Saturday, 29 August 2009

the terrible tale of the left behind sheep (singular)

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most mornings i wake up, make myself a cup of coffee, check my emails and then...
i gaze out of my lounge window at the fields and hill beyond the a77 and the row of houses which line it's route.

this morning the farmer was out, amazing how those who work the land are up and at 'em whilst the rest of us are still knuckling the sleep from our eyes.

this particular farmer has two working dogs and it is always a pleasure to watch them at work. rounding up the flock from the surrounding fields and flushing the odd layabout from the bushy hillside.

today they missed one!

i was standing at the window, watching the clouds scudding by, the rain drifting across the fields... fully absorbed in a soft bed of now.

and there she/he was, bumbling around in the bushes ... all alone!

life ... it does make one wonder. how did the dogs miss her (may as well address the left behind sheep as 'her', the fields around these parts are filled with sheep - feminine gender and there are but a few sheep - masculine gender.!
where have the rest of the flock gone?
they flowed across the green fields like a fast moving white river, they disappeared - without hesitation ... over the hill and out of sight.
now, would they be receiving injections against various sheep type diseases?
or perhaps ... deworming or even dipping?
i try my best not to consider the fact that...
they may have flowed over the hill and into a big old cattle truck.
the start of a journey into a future as minted lamb chops and sunday roasts.

will the left behind sheep survive? alone out there in a world of dark, lonely nights and feeding foxes.
there are even tales of a puma stalking the gentle ayrshire countryside.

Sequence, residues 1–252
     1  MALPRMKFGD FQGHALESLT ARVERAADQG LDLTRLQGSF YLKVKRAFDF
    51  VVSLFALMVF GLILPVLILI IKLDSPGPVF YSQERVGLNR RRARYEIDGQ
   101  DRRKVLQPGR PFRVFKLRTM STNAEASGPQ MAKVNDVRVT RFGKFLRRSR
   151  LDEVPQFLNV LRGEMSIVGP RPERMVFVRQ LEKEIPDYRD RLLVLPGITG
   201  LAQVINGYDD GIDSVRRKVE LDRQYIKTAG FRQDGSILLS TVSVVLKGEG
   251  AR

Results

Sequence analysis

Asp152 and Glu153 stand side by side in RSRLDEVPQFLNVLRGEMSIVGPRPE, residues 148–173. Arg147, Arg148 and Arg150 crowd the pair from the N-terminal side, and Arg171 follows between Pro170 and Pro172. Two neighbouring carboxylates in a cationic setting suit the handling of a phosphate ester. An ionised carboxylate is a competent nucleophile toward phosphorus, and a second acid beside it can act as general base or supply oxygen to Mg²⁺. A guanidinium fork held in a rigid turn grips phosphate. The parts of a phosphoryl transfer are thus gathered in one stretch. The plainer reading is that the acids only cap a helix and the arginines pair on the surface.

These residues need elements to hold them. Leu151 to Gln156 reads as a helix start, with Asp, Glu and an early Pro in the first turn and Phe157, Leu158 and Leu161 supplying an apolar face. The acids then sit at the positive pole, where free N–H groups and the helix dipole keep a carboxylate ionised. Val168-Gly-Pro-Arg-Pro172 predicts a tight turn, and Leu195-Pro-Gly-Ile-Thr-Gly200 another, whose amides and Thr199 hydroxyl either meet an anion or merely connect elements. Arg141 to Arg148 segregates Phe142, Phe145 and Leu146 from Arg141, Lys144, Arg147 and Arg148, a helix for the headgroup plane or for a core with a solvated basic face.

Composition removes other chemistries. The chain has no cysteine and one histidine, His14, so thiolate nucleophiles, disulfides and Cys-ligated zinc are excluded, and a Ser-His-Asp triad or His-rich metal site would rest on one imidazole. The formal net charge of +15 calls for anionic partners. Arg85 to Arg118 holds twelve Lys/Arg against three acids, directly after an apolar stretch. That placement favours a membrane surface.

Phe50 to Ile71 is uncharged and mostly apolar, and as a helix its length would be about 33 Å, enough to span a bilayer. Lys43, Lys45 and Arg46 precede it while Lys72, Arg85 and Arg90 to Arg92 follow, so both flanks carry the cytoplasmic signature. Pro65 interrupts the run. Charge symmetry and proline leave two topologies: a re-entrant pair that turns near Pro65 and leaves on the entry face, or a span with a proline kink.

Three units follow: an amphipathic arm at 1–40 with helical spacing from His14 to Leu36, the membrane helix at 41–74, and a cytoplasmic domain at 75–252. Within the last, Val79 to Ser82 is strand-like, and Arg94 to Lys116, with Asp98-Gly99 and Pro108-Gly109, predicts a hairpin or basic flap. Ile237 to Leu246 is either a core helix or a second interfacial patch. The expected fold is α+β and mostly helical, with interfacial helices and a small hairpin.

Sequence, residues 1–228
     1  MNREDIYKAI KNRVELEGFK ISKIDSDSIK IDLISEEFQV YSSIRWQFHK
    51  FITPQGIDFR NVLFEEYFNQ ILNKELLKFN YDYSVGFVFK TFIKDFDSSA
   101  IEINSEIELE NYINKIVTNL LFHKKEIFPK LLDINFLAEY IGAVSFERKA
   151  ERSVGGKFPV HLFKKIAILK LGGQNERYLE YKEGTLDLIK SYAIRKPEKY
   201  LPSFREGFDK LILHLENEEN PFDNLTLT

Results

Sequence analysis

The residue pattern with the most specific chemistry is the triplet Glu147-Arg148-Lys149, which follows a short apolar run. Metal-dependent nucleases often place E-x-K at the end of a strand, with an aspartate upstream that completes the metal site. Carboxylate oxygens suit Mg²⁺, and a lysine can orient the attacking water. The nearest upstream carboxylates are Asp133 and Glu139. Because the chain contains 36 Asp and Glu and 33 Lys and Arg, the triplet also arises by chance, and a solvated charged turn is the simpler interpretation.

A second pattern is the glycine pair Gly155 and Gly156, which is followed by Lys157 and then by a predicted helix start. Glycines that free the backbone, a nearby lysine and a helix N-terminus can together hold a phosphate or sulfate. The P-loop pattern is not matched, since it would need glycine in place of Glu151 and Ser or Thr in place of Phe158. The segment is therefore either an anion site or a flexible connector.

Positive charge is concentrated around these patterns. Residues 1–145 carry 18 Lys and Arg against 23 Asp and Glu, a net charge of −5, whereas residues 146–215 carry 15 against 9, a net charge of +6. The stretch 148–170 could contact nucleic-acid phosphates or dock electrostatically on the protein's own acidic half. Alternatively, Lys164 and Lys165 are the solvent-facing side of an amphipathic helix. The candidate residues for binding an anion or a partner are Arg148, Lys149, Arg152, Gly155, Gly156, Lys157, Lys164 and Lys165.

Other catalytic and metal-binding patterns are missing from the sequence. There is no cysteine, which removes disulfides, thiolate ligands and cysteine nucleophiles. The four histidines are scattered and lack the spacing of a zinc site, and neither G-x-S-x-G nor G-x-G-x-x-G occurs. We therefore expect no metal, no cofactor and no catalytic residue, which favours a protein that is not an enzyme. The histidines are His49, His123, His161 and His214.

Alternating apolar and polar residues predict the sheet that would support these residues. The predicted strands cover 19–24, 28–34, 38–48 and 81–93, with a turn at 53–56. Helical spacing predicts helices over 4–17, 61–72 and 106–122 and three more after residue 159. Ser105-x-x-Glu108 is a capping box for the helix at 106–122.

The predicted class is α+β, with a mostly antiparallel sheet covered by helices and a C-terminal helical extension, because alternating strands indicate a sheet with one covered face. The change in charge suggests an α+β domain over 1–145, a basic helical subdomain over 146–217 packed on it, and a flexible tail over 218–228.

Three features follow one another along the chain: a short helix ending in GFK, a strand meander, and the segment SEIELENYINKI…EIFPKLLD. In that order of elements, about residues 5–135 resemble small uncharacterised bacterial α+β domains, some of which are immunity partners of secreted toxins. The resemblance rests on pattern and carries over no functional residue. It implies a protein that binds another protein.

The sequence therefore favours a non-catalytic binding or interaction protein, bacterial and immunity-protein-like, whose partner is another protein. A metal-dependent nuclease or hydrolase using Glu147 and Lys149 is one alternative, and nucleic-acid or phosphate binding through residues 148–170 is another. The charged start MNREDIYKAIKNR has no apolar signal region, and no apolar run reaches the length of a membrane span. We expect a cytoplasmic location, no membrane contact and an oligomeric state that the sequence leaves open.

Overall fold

nope ... i'm not kidding, there have been sightings and a horse was attacked near coylton!
of course, one is inclined to wonder quite how a wild puma might have come to be living and hunting along the west coast of scotland.

so ... is the tale of the left behind sheep a tale of terrible tragedy, or ...
a serendipitous success story?

so far, ms lonely sheep has yet to notice she is the sole (domestic) inhabitant of the bushy, hill field. she continues to graze contentedly, munching away... a stirling example of the "why worry, be happy" life philosophy.

6 comments:

Windy Days said...

I'm going to be thinking about this all day. You have to keep us updated.

How did a puma get there? If you see it could you FedEx it back to Florida?

Camlin said...

We have had puma sightings near here. They are still considered to be uncommon - but a friend of mine saw one while she was out for a morning run in the country.

Some careless people keep big cats for pets, and let them go when they get too big to handle - pumas are well equipped to survive cold weather - they used to roam all over North America. So they survive, and eventually become part of the landscape.

reeflightning said...

the left behind sheep is no longer alone... at first he/she was joined by five others and now there are about twenty grazing peacefully in that field. no recent puma sightings ... all quiet on the ayrshire front!

eileen pennington said...

ahahahahaaaaaa

i'm sure you've seen this...but in case you haven't...

http://www.youtube.com/watch?v=D2FX9rviEhw

Margo said...

I was glad to see you update comment. I was just coming here to tell you to keep us updated. And if nothing else - Faith has always wanted a sheep.

Al said...

Hey Mate - didn't know you were back from your break. Welcome back and thanks for stopping by my new place.